People swarm by in ornate costumes, their white are faces painted lavishly as skeletons, they march slowly holding candles, celebrating in the same breathe their joy for life and their respect for death. It’s Day of the Dead, or Dia de Muertos, a Mexican celebration to honor the lives of past friends and family members.

Like most things Mexican, the celebration takes on a lively and colorful tone. Ornate alters are created for everyone honored, and loved items of the person are placed upon them, from a favorite stuffed animal, a favorite food, to a favorite tequila. Each participating culture both throughout Mexico and beyond has made the holiday its own, however the bright marigold flowers and decorated candy skulls have become synonymous symbols of the holiday world-wide.

My favorite part of the holiday is that rather than mourning the dead’s lives, they are celebrated in a purposefully raucous way, in the belief the more extravagant and flamboyant the party is the higher the chance the dead will hear of it and come to visit.

Originally the holiday was celebrated in August by the Aztecs. When the Spanish came over from Europe they thought the holiday was sacrilegious, mocked the dead, and tried to eradicate it. After failing over and over they compromised and moved the holiday to coincide with the Catholic All Saints’ Day and All Souls’ Day on November 1 and 2, (right after Halloween) where it is still celebrated today.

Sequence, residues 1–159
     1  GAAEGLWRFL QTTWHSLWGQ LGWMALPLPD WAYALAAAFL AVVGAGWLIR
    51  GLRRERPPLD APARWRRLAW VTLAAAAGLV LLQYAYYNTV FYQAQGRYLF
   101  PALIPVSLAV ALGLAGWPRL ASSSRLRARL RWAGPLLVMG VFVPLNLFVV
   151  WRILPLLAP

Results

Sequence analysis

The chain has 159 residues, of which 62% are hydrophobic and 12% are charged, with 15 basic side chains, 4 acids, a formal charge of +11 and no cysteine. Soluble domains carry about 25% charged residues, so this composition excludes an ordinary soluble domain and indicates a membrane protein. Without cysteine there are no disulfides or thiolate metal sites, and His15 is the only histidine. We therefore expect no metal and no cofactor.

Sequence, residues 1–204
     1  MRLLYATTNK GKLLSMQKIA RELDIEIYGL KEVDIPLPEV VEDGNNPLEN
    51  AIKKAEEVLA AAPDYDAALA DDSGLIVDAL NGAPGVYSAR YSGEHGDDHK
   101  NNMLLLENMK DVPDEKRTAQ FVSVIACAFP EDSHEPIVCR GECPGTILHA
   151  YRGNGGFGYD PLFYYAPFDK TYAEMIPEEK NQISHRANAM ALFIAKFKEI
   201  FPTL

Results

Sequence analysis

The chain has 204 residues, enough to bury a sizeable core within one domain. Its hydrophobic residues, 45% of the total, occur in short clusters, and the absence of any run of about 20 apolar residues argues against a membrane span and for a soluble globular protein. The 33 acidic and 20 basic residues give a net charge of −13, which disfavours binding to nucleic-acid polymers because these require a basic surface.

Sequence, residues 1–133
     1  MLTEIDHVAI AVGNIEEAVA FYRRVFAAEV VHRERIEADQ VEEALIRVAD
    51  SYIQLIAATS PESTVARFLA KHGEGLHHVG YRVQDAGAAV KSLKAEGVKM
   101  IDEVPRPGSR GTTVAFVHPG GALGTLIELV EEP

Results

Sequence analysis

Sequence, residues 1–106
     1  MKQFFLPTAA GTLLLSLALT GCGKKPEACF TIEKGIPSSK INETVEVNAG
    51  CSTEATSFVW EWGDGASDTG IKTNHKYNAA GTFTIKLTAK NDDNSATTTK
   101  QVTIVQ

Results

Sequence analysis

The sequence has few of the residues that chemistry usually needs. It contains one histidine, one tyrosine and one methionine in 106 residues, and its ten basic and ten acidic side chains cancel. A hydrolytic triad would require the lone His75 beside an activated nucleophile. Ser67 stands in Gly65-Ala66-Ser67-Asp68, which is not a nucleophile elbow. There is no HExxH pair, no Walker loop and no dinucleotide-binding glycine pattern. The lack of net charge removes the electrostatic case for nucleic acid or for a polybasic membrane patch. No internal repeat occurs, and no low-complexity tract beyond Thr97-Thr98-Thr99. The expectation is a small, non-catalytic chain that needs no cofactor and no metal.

Day of the Dead is also celebrated in many other parts of the world. Guatemala’s celebration, for example, is unique because of the giant kites they fly. In the United States it is celebrated in Texas, Arizona, Los Angeles, San Francisco, and everywhere else there is Mexican influence. In San Francisco it has become a giant street party and the city’s major museums feature displays and alters. The Philippines have turned it into an excuse for a family reunion. And in historically Roman-Catholic Europe, some of its traditions have merged with All Saints’ Day and All Souls’ Day, like the offering of food and beverage to grave sites.

There are parties, and then there are celebrations for a purpose. This holiday speaks to me because it reminds us that we are alive and we should embrace every moment. Plus, anyone who know me knows that I will take any excuse to dress up and eat candy. Life and death it seems are just two kinds of the same coin, so enjoy every moment, but don’t forget to honor those who cannot anymore.

Have any of you been lucky enough to be part of a Dia de los Muertos or funeral in Mexico or another country? I’m curious… leave me a comment below!


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